First, if there is no angular velocity (they do not get it swinging), the stone hangs vertically downward and its weight is counteracted by the tension in the string. At some angular velocity, $\omega$, the stone swings out in this circular motion and the string now traces a cone in space.

The forces involved in this are still just tension and weight, but the tension has changed both direction and magnitude. It is easy to see that it has changed direction, because tension is always in line with the string, so since the stone has "risen up", the tension must now be at an angle. Furthermore, although it is provable, intuitively you will know that the tension must increase at a larger angular velocity because if you spin a rock too fast with a thin string, the string will snap.

Since the tension is now not purely vertical, it can be resolved into horizontal and vertical components. Furthermore, we know that the vertical component must match the weight of the stone. Secondly, we know that the horizontal component, as un-countered by any other force, must entirely provide the centripetal acceleration required to keep the stone in motion, $w^2r$, so that this component of force is $m\omega^2r$.

Therefore, given these two components, the vertical equal to $mg$, and the horizontal to $m\omega^2r$, we can calculate the angle (to the vertical) that the string will make at any given angular velocity. This is given by

$$\tan\theta = \frac{\text{horizontal component}}{\text{vertical component}} = \frac{m\omega^2r}{mg} = \frac{\omega^2r}{g}.\label{1}\tag 1$$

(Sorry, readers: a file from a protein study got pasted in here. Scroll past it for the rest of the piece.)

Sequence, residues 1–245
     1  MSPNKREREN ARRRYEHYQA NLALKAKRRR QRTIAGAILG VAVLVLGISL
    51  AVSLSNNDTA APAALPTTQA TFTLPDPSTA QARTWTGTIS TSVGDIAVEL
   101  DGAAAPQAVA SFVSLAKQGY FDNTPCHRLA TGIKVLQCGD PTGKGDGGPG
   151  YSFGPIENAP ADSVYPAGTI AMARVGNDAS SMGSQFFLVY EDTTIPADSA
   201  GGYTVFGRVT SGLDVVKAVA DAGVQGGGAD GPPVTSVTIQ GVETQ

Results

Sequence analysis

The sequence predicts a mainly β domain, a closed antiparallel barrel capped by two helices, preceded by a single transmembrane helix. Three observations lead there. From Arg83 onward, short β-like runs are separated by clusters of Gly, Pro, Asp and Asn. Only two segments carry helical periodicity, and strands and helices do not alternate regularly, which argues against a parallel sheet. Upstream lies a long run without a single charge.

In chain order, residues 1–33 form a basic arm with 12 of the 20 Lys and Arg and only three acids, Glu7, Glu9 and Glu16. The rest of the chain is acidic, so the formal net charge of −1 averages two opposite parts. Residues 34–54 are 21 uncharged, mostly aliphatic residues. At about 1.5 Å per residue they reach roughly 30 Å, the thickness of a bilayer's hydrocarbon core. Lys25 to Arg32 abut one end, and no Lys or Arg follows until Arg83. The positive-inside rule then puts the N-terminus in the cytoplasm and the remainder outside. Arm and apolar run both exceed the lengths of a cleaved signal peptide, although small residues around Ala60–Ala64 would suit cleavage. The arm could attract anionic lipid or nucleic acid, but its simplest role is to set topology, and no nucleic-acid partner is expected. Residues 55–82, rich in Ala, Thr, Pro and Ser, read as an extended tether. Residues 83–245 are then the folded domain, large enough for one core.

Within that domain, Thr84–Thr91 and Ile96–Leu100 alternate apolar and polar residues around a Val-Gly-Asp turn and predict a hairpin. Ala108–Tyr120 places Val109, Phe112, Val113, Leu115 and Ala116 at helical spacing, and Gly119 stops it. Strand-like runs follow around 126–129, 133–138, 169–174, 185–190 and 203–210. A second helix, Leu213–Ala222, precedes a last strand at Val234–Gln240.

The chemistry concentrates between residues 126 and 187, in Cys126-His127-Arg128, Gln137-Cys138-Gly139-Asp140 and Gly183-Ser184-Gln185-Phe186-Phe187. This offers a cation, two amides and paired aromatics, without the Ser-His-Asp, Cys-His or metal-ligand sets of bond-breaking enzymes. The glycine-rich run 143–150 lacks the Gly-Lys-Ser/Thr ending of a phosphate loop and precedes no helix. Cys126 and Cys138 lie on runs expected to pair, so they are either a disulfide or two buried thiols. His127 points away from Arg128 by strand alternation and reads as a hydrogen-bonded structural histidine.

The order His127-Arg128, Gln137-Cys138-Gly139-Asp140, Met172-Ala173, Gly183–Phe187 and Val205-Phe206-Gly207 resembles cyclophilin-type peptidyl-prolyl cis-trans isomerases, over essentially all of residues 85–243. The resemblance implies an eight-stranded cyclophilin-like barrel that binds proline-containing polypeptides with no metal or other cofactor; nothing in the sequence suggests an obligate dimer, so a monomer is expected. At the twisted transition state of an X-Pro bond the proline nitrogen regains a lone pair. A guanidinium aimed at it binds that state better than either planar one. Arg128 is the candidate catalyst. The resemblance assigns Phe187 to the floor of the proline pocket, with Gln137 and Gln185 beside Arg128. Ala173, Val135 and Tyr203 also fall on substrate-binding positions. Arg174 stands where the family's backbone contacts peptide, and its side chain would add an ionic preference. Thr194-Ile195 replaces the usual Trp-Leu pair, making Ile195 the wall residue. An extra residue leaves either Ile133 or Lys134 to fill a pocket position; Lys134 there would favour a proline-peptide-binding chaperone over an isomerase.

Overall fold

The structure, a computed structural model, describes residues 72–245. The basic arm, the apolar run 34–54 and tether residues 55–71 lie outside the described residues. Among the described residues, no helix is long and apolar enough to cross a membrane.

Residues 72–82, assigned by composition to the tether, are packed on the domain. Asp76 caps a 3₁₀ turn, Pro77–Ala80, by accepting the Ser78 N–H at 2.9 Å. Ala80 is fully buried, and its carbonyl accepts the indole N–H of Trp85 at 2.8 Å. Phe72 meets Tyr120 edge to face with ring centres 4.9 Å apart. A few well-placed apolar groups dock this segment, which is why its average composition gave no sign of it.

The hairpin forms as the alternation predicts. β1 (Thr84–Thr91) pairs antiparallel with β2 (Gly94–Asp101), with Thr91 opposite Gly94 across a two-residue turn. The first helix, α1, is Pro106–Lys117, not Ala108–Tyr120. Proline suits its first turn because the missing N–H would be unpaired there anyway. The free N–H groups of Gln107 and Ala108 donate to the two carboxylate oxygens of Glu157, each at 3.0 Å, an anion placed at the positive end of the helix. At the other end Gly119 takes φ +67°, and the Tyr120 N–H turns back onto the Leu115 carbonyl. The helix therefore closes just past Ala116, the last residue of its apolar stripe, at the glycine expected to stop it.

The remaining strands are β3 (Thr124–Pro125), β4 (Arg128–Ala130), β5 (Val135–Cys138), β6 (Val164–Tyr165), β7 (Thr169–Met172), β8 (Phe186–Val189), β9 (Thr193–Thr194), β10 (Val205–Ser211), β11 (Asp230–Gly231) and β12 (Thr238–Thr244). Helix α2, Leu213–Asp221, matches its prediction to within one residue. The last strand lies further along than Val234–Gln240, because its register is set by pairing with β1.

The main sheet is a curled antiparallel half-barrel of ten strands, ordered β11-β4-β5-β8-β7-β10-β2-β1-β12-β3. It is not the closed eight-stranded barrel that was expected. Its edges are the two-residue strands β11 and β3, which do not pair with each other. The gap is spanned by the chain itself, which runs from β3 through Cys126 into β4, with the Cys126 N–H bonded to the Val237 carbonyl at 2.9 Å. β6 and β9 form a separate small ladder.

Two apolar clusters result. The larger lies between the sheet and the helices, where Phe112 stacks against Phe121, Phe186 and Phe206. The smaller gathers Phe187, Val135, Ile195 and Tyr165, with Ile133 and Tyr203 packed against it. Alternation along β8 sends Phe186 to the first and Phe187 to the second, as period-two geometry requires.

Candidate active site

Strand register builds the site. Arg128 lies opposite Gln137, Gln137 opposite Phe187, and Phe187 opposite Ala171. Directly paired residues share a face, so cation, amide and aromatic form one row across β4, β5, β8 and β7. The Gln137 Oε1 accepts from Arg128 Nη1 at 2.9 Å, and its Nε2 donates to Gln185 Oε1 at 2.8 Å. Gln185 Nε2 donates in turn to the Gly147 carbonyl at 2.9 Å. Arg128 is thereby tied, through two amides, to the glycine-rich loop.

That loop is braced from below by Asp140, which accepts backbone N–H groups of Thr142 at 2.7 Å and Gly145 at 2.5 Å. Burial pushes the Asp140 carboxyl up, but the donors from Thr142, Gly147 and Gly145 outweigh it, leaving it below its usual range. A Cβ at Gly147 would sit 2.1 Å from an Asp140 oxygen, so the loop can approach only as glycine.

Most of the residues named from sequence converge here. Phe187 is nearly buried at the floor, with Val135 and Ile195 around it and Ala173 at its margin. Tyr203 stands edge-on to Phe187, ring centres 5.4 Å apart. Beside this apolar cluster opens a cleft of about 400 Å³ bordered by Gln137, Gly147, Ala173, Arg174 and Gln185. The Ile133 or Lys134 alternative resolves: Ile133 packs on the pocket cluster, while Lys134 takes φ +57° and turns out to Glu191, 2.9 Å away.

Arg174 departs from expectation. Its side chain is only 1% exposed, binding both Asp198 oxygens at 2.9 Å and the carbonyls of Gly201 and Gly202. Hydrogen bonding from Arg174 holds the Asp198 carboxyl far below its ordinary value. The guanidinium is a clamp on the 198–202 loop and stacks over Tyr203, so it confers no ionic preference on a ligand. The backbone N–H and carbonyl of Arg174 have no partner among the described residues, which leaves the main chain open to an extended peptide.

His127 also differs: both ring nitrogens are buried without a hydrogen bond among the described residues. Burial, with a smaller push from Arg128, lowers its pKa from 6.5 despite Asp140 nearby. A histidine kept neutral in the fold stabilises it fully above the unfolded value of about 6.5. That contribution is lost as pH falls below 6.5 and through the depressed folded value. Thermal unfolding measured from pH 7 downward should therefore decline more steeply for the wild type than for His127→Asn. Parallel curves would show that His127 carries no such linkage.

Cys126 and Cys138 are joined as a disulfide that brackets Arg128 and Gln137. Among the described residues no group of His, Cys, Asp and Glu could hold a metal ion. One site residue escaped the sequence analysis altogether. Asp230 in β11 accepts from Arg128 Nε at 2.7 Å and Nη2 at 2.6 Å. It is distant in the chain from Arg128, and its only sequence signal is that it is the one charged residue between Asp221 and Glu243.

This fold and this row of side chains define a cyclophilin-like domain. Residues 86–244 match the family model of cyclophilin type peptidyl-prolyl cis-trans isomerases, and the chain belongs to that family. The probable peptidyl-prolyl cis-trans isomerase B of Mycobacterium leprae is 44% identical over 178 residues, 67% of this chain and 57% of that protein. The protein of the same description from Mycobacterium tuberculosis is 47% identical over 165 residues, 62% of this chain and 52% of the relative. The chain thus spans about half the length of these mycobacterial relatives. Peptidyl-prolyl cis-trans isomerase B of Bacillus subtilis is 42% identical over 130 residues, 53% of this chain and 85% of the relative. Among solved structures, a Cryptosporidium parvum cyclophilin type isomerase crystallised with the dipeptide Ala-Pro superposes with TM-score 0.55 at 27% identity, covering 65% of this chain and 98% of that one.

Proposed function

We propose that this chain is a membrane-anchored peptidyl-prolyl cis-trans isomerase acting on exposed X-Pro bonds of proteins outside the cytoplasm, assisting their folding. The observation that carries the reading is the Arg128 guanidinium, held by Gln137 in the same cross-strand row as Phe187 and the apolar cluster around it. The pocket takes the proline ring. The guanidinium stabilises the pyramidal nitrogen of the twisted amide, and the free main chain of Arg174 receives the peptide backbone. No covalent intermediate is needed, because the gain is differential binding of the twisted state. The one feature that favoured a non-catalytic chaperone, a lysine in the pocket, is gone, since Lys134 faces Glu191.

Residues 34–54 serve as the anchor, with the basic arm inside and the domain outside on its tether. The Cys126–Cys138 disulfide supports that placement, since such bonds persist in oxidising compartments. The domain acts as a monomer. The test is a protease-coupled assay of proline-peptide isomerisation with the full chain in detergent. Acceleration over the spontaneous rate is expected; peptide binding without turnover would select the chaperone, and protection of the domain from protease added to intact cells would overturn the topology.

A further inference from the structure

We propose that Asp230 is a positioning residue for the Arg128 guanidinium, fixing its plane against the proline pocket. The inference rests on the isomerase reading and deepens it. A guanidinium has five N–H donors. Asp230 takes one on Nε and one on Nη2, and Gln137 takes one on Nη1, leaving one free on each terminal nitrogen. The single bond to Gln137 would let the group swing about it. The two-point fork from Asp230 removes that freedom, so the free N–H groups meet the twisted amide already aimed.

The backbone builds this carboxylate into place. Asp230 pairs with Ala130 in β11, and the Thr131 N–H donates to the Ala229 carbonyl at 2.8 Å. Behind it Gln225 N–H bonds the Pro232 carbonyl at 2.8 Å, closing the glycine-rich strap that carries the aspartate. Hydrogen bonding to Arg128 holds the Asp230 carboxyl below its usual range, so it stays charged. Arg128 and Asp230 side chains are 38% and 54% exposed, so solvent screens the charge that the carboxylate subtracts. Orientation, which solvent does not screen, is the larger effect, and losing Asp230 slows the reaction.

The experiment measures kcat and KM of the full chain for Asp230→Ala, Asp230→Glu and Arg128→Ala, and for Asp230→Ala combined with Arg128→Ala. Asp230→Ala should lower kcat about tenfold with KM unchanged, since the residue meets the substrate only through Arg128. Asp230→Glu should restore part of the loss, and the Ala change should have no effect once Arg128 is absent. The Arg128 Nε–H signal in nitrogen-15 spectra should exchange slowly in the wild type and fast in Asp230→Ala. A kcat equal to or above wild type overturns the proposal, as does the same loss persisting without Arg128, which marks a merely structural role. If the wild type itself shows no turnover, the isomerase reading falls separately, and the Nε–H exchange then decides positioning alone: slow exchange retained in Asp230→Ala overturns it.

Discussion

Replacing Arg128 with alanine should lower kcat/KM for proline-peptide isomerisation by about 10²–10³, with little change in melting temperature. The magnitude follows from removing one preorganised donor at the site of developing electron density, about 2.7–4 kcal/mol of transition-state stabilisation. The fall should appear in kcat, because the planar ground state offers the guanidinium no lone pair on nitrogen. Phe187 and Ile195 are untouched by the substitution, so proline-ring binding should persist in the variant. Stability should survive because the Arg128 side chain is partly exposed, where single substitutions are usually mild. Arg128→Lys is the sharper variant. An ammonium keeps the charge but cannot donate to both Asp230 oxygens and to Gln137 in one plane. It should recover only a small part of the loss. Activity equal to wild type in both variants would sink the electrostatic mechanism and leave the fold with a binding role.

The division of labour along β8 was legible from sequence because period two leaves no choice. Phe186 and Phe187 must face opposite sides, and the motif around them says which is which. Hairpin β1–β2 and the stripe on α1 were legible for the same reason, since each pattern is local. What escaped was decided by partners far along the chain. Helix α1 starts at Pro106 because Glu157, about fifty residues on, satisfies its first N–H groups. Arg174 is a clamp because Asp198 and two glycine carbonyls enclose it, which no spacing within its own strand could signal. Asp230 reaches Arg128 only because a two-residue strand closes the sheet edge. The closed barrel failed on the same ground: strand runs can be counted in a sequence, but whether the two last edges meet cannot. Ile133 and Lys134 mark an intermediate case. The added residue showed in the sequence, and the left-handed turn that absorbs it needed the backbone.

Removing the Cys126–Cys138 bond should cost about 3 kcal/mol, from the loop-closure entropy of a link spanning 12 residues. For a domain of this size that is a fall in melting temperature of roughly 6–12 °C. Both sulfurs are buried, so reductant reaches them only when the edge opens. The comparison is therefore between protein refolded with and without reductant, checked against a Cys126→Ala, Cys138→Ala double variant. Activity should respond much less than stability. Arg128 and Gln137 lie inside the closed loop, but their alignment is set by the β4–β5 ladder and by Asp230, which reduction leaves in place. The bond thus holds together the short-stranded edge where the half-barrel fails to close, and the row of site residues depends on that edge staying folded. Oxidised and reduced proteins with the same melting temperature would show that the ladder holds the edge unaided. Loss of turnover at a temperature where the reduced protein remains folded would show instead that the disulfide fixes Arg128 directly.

Now we see the problem: for the string to be horizontal (the person's hand to be contained within the plane of the motion), we required that $\theta = 90^\circ$. However this means that $\tan\theta \to \infty$ which would require an infinite angular velocity, $\omega$.

This result is fairly intuitive though - to spin the stone higher, you require a larger tension such that the vertical component is enough to counteract the weight but at $90^\circ$, there is no such vertical component, so the string can never quite get to horizontal (unless you can provide an infinite angular velocity)..

So in conclusion in theory the idea of a perfect horizontal circular motion does exist, but only in the limiting case of an infinite angular velocity. If the situation in your question claims horizontal circular motion (indicated by the radius of the circular motion being assumed to be the length of the string), and simultaneously states an angular velocity that is not infinity (most likely!), then it is wrong. Any angular velocity less than infinity would cause the stone to swing at angle $\theta$, as given by \eqref{1}.

I created a little simulation in OpenSCAD to show how increasing angular velocity never quite allows it to reach horizontal.



l = 3;
steps = 5;
omega = 4 * floor(steps * $t) / steps + 1;
echo("omega ", omega);
theta = acos(1/(omega*omega*l));
rotate([theta, 0, omega * $t * 1000]) {
    mirror([0, 0, 1])
    cylinder(h=l, d=0.05);
    translate([0, 0, -l])

(To create gif, use: convert -resize 40% -delay 5 -loop 0 frame* mygif.gif.)